Tajikistan Population: 8,604,882

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 History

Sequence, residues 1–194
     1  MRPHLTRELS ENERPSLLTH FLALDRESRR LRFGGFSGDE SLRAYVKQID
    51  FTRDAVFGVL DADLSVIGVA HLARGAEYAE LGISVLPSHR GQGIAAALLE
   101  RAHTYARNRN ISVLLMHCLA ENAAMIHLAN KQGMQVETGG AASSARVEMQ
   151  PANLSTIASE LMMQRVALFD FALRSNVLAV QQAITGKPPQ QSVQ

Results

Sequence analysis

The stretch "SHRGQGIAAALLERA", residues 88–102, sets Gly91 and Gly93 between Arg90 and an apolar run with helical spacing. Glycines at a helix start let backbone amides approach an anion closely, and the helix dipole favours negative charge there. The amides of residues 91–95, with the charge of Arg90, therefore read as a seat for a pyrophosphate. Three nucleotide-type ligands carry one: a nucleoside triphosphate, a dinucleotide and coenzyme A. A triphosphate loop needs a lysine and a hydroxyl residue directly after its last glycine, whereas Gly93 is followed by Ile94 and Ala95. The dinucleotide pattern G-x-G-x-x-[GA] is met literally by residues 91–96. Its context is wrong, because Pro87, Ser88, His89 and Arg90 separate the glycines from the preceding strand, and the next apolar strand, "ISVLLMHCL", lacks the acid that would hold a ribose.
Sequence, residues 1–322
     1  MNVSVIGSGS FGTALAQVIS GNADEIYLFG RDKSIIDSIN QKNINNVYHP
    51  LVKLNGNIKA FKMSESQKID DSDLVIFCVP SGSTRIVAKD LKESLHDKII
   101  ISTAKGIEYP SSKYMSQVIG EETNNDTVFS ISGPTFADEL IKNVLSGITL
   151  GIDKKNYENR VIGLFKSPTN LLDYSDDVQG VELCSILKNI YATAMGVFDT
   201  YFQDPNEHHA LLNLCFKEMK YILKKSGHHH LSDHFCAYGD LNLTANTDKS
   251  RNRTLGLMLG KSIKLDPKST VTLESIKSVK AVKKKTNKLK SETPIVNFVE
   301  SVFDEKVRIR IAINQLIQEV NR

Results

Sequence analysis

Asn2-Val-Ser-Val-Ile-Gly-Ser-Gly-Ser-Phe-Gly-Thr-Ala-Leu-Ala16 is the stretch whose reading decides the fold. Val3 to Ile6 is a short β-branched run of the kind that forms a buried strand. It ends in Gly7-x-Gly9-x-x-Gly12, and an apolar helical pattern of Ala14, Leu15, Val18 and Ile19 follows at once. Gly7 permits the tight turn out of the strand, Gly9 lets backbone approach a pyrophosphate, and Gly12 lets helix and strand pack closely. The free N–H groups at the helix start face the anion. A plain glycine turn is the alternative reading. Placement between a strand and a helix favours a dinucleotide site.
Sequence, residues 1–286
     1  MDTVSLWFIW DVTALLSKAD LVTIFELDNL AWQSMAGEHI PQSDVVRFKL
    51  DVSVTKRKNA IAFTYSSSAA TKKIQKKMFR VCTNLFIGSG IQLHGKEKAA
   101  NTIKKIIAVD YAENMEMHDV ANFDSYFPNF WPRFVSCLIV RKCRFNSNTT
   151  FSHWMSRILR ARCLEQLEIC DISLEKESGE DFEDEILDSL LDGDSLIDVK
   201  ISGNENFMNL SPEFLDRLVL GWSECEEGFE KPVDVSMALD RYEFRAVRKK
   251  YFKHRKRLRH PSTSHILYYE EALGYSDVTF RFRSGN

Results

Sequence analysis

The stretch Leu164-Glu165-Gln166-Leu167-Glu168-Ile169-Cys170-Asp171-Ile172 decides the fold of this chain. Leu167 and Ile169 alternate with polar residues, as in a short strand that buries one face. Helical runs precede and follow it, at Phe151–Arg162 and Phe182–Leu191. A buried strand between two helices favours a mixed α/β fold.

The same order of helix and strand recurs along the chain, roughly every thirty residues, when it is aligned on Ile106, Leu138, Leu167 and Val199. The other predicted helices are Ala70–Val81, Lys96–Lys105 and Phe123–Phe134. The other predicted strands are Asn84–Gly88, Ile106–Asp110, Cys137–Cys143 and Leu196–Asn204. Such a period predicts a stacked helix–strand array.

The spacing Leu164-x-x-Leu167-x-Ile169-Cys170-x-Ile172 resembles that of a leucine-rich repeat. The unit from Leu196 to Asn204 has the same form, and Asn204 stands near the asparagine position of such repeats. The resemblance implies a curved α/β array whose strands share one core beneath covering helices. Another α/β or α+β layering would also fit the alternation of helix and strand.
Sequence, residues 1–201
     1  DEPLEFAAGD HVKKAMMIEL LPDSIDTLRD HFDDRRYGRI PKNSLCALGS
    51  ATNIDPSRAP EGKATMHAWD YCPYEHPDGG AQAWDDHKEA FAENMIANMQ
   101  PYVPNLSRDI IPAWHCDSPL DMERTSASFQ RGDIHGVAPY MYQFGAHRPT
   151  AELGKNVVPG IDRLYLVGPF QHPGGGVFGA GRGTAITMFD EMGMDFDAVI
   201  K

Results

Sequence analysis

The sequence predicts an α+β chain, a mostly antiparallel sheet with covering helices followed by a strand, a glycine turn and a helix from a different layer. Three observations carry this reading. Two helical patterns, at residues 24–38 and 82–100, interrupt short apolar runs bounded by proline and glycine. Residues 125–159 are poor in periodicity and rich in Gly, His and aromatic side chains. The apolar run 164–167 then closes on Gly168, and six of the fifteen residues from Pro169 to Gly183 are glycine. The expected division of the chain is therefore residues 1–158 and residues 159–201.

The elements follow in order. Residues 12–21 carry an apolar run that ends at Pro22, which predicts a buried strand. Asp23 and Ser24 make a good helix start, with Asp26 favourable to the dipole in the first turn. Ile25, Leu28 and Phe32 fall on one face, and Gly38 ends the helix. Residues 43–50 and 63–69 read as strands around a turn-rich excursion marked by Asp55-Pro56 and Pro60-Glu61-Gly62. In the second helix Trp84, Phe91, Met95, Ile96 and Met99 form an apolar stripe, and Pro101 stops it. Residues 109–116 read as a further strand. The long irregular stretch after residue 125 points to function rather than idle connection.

The Tajik people came under Russian imperial rule in the 1860s and 1870s, but Russia's hold on Central Asia weakened following the Revolution of 1917. At that time, bands of indigenous guerrillas (called "basmachi") fiercely contested Bolshevik control of the area, which was not fully reestablished until 1925. Tajikistan was first created as an autonomous republic within Uzbekistan in 1924, but in 1929 the USSR designated Tajikistan a separate republic and transferred to it much of present-day Sughd province. Ethnic Uzbeks form a substantial minority in Tajikistan, and ethnic Tajiks an even larger minority in Uzbekistan. Tajikistan became independent in 1991 following the breakup of the Soviet Union, and experienced a civil war between political, regional, and religious factions from 1992 to 1997. Though the country holds general elections for both the presidency (once every seven years) and parliament (once every five years), observers note an electoral system rife with irregularities and abuse, with results that are neither free nor fair. President Emomali RAHMON, who came to power in 1994 during the civil war, used an attack planned by a disaffected deputy defense minister in 2015 to ban the last major opposition political party in Tajikistan. In December 2015, RAHMON further strengthened his position by having himself declared "Founder of Peace and National Unity, Leader of the Nation," with limitless terms and lifelong immunity through constitutional amendments ratified in a referendum. The referendum also lowered the minimum age required to run for president from 35 to 30, which would make RAHMON's son Rustam EMOMALI, the current mayor of the capital city of Dushanbe, eligible to run for president in 2020. The country remains the poorest in the former Soviet sphere. Tajikistan became a member of the WTO in March 2013. However, its economy continues to face major challenges, including dependence on remittances from Tajik migrant laborers working in Russia and Kazakhstan, pervasive corruption, and the opiate trade and other destabilizing violence emanating from neighboring Afghanistan. Tajikistan has endured several domestic security incidents since 2010, including armed conflict between government forces and local strongmen in the Rasht Valley and between government forces and criminal groups in Gorno-Badakhshan Autonomous Oblast. Tajikistan suffered its first ISIS-claimed attack in 2018, when assailants attacked a group of Western bicyclists with vehicles and knives, killing four.